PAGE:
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Dive Review of Glover's Atoll Resort in
Belize/Glover's Reef Atoll

Glover's Atoll Resort, Jul, 2004,

by Walter Hurst, OR, USA . Report 1220.

Reporter and Travel

Dive Experience 251-500 dives
Where else diving Belize, Bonaire, Cozumel, Cook Islands, Hawaii, California, Washington, British Columbia, Michigan, Florida
Closest Airport Getting There

Dive Conditions

Weather sunny Seas calm
Water Temp 82 to 84 Fahrenheit Wetsuit Thickness 0
Water Visibility 75 to 125 Feet

Dive Policy

Dive own profile yes
Enforced diving restrictions The dives were completely at our discretion.
Liveaboard? no Nitrox Available? N/A

What I Saw

Sharks 1 or 2 Mantas None
Dolphins 1 or 2 Whale Sharks None
Turtles > 2 Whales None
Corals 5 stars Tropical Fish 2 stars
Small Critters 3 stars Large Fish 3 stars
Large Pelagics 2 stars

Underwater Photography 1 (worst) - 5 (best):

Subject Matter 3 stars Boat Facilities N/A
Overall rating for UWP's 3 stars Shore Facilities 2 stars
UW Photo Comments There are no boat facilities because the typical boat ride is 5-10 minutes. However, it would be nice if they had a fresh water bucket on the boat. They were sensitive to handling the camera.

The shore facilities are limited because the dive resort is a "roughing it" resort. There is no electricity in your accomodations, but they will recharge digital cameras in the main lodge. They do have a laptop computer which may work with your (digital) camera. The computer does not have a CD burner.

Ratings and Overall Comments 1 (worst) - 5 (best):

Accommodations 3 stars Food 3 stars
Service and Attitude 3 stars Environmental Sensitivity N/A
Dive Operation 3 stars Shore Diving 5 stars
Snorkeling N/A
Value for $$ N/A
Beginners 3 stars
Advanced 5 stars
Comments This is a great resort for someone trying to get to the atolls on the cheap. The land based accomodations are a mix of primitive and amazing. Primitive is no running water or electricity in your accomodations - you can even camp if you really want to go cheap. Toilets are pit toilets although they are clean and not a problem to use and there are many of them. Amazing is having a thatched roof bungalow over the water with the lagoon stretching to the horizon and the waves breaking on the reef a hundred yards away. Kerosene stoves and dishes are provided in each bungalow for your cooking needs. The cost is around $100USD/person for camping for a week or $210USD/person for a bungalow for a week. This includes the round trip boat ride from Sittee River to the atoll. There are sand flies so bring DEET repellent or stay in the wind. You can eat meals at the main lodge, but they are pricey ($12USD for breakfast, $9USD lunch, and $15USD dinner). Bringing your own groceries (and you have to bring your own liquor) is the way to go. You can buy fresh water on the atoll - they usually sell rain water but you can get bottled water. Other fresh water (non potable) is limited to well water which is less than desirable but will do the trick if you need it - we didn't shower the week we were out but instead washed up in the lagoon.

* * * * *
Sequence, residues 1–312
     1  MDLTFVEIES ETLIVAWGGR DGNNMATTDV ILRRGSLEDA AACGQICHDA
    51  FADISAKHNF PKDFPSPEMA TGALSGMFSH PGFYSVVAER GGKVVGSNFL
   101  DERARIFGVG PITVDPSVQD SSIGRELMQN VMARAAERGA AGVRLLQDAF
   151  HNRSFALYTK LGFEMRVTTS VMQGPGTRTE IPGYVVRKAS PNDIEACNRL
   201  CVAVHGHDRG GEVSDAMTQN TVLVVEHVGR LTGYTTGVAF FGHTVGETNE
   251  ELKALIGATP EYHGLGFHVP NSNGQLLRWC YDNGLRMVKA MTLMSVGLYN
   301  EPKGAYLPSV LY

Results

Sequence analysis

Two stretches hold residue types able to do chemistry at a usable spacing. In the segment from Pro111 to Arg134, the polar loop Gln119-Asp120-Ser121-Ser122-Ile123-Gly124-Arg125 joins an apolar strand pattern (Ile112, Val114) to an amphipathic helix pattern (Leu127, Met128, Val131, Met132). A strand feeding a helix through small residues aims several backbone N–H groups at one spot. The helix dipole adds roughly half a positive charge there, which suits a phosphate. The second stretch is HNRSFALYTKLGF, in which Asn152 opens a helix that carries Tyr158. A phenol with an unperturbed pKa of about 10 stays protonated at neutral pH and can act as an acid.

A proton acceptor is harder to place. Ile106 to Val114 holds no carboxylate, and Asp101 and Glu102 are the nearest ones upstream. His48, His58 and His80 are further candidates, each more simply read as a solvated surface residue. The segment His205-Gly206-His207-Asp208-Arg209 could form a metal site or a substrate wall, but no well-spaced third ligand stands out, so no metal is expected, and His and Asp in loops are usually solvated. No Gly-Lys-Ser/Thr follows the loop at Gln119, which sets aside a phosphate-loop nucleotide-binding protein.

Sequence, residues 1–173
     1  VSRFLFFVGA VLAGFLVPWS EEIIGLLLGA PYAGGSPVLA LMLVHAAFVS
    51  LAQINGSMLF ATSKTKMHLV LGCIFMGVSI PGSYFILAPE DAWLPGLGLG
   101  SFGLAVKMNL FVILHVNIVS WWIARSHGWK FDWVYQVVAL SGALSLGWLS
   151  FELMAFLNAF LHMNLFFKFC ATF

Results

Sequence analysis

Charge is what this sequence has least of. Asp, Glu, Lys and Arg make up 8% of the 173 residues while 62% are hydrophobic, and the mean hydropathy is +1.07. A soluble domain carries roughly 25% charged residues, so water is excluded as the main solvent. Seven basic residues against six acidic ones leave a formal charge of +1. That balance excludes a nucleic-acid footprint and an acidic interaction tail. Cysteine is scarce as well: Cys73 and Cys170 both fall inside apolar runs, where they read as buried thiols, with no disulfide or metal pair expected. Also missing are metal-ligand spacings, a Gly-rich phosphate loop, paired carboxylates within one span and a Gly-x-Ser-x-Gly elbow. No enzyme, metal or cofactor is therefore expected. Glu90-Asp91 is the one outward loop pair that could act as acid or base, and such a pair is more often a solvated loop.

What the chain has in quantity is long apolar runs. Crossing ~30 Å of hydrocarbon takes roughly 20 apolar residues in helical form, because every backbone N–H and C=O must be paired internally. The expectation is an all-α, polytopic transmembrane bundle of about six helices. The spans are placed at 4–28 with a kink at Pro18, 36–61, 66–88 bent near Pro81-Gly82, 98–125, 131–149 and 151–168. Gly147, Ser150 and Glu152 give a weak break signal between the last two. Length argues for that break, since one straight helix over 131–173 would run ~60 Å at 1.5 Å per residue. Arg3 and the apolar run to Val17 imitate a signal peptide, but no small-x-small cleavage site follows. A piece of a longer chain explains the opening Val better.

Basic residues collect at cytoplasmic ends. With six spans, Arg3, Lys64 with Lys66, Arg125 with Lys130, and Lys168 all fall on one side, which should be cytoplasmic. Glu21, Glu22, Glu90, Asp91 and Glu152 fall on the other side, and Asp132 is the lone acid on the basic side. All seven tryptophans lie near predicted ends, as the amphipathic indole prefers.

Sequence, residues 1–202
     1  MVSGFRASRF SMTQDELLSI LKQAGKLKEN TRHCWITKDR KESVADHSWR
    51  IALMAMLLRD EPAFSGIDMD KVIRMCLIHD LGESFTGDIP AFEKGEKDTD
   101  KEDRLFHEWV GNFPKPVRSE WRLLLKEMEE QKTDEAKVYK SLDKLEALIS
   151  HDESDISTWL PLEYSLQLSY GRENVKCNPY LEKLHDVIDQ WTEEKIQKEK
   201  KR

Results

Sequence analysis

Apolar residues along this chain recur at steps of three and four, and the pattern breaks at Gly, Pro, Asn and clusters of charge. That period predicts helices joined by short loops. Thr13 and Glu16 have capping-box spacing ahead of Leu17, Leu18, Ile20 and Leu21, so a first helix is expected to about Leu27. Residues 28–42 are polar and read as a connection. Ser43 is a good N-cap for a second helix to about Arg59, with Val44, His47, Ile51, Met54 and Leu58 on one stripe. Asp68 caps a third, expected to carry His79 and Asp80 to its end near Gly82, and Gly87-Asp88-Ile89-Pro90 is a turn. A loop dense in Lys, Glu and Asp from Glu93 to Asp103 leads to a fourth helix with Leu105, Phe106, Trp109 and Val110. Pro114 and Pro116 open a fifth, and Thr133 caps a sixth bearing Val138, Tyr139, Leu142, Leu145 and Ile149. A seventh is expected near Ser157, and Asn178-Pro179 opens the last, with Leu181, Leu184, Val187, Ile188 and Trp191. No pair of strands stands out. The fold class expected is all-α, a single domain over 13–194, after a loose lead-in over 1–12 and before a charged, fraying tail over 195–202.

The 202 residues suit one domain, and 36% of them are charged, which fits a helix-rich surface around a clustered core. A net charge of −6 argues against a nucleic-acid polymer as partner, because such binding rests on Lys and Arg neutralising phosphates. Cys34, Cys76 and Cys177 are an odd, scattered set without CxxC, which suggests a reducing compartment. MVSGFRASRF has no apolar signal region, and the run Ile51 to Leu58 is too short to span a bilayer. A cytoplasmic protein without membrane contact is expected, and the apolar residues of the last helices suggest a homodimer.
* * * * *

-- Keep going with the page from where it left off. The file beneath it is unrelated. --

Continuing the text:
The diving was great. There are two main reasons why I loved it so much.

First, there was complete diving freedom. We were taken to dive sites, given a quick briefing, and then did the dive ourselves. We could dive our own profile for as long or as short as we wanted. Almost all the dives were wall dives on the outside atoll reef. When we visited usually the only divers were me and my buddy and our usual profile was max 80' for 60-90 minutes. Most dives were not stationary - the boat would drop us off and pick us up further down the wall. While this was great for experienced divers, I do not think it would be wise for new divers. When we dove with new(er) divers, there was a dive leader in the water who dove with them.

The second reason the diving was great was the conditions: amazing coral and the warm water. The reefs had great soft and hard corals. Big brain coral formations and huge tube and barrel sponges. Absoluting amazing with very little if any bleaching or dead coral. The water was 84F which was completely comfortable with just swim trunks and a tshirt and there was no thermocline at depth. There was not an abundance of marine life although that could be a seasonal and/or dive site variation. One or two dive sites did have a lot more fish schools. We definitely saw marine life - nurse sharks, turtles, dolphins, barracuda, crevally, and the usual parrot fishes and other coral dwellers. There just wasn't the abundance to compare with the otherwise amazing corals.

The boat dives were around $3750USD and $425USD for 12 dives. Otherwise I believe they were between $30USD and $40USD. The cost varies depending on whether or not you needed to rent gear.

Although we didn't do it, you can shore dive or kayak dive. Kayaks are $175USD for a week. They will fit two people. Shore diving is $14USD for a filled tank. Having done many boat dives, next time I would do primarily kayak diving.

There is also great fishing and snorkeling in the lagoon. You can get lobster when they are in season (some other travelers got some when we were there).

Summary: great diving in an amazing location as long as you don't mind "roughing it" topside.
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Note: The information here was reported by the author above, but has NOT been reviewed nor edited by Undercurrent prior to posting on our website. Please report any major problems by writing to us and referencing the report number above.

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